If Lee and Jackson held to racist beliefs, then so did Lincoln who wanted to keep slavery out of the western territories, not because he opposed slavery, but because he wanted the territories “for the homes of free white people” (Abraham Lincoln: His Speeches and Writings, page 306). Racism was ubiquitous in both the North and South as Alexis de Tocqueville noted on his visit to America. This does not excuse any racism, Southern or Northern, but it does help us to put the time period in perspective; racism was a cultural assumption of the day that nearly everyone held to, and the terrible sinfulness of this assumption was invisible to them.

This applies to far more than just the Civil War, however. I believe that Mary Queen of Scots was a noble and good woman, one especially to be admired when compared to her cousin Queen Elizabeth I. However, I also believe that Mary’s most ardent adversary, John Knox, was likewise a good and godly man. At the time, though, Mary and John could not fathom the concept that they had anything in common whatsoever; to John, Mary was a hell-bound heretic, and to Mary, John was a hell-bound heretic.

I believe that John Calvin was a good and godly man, though he was in favor of condemning Servetus to death for heresy. We might not think that heretics deserve death today, but that was the general cultural consensus at the time. In fact all the other Swiss cantons apart from Geneva were in favor of Servetus’ death, as were Philip Melanchton, the Roman Catholic Church, and Calvin’s greatest political enemies, the Libertines. If the case were made that the only true Christians were ones that didn’t want Servetus dead, then practically the only true Christian in Europe was Servetus himself.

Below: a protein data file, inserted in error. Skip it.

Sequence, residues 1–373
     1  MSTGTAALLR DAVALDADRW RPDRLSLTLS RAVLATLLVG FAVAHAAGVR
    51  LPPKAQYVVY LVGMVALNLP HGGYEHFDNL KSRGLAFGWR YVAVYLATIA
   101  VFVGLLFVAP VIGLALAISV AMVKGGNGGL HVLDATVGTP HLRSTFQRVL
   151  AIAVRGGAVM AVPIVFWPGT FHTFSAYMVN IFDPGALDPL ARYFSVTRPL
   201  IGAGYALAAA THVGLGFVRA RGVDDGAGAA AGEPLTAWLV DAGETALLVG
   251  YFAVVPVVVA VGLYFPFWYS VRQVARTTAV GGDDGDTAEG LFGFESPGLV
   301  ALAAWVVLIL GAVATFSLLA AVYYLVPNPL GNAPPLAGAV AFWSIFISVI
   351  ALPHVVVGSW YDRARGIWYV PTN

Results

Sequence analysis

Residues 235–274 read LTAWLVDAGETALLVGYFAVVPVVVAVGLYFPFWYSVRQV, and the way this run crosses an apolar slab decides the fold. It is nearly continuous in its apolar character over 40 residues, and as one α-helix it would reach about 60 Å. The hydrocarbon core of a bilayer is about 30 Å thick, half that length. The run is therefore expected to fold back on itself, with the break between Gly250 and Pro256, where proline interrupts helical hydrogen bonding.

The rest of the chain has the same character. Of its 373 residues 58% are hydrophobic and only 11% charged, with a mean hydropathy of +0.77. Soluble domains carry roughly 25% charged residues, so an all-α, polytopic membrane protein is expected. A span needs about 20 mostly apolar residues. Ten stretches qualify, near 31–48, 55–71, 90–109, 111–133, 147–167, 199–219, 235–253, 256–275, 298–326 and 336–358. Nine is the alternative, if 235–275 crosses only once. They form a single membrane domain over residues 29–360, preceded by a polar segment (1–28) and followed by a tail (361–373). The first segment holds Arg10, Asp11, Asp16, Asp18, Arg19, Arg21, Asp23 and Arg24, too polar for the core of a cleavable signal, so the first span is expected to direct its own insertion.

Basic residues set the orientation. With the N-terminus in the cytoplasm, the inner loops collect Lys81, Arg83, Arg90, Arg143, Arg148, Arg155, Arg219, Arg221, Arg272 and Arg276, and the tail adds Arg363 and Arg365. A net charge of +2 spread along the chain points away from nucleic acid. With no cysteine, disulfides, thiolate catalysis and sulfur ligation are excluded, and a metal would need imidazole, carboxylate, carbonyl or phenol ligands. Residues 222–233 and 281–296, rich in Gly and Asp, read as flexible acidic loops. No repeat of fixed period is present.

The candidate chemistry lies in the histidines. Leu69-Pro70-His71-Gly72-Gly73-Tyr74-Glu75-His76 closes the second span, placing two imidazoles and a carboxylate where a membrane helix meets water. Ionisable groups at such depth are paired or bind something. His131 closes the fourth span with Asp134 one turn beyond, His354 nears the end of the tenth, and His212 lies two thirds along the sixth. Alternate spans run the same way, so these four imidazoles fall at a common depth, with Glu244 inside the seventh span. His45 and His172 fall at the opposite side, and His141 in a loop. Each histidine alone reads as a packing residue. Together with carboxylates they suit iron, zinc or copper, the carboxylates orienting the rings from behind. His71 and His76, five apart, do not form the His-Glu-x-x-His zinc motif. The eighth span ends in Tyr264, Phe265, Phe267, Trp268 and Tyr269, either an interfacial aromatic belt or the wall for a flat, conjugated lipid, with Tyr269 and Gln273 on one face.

I believe that Bernard Gui was a good and godly man. Anyone who reads his inquisitor’s guide will be overwhelmed by the level of love and concern he possesses for the average Christian who is likely to be led astray by heresy. This is part of why he prosecuted heretics so ruthlessly. And even then, it is clear that his concern was first for repentance and second for protection from heresy for other Christians. We might not like the fact that he condemned over 900 people, but he was caught up in those darn cultural assumptions.

The list could be expanded to people like Constantine the Great, Charlemagne, Richard I of England, and Oliver Cromwell. All good and godly men whom we ought to admire and emulate. All men who did some terrible things because of their invisible cultural blindspots.


Erica said...

I also want to point out that Lee held the same belief that slavery would eventually taper off. When he inherited his father's estate he freed the slaves there, and Jackson not only freed his family's slaves but also ran a Sunday school teaching the local slave children to read, which was in fact illegal.

Anonymous said...

He was with the union, and Abe, Abe even offered him command of union forces, but he was also with his home, he was against slavery and shared beliefs of the union. However, if I had to choose between my opinions or my friends family and home the choice is Obvious. I am an ancestor of Lee and I find it unjust for people to call him an evil confederate rebel.

Rick said...

I think you kind of missed the point of my post. I'm saying that the confederates were not in fact evil at all. Truth be told, I think the South did have the more just cause in the Civil War. The point was that even people you admire and look up to (like I look up to Robert E. Lee) may still share cultural assumptions of their day that we today may disagree with.

For that matter, I think that Abraham Lincoln was the worst president America ever had because of his union views. (Then again, I'm with Patrick Henry in thinking that Virginia should never have signed on to the Constitution to begin with.) However, I don't think Lincoln was an evil man. He wanted to do the right thing, he was just blinded by the nationalistic zeitgeist of the day sparked by Rousseau, fanned by Napoleon, and spreading in various revolutions throughout Europe.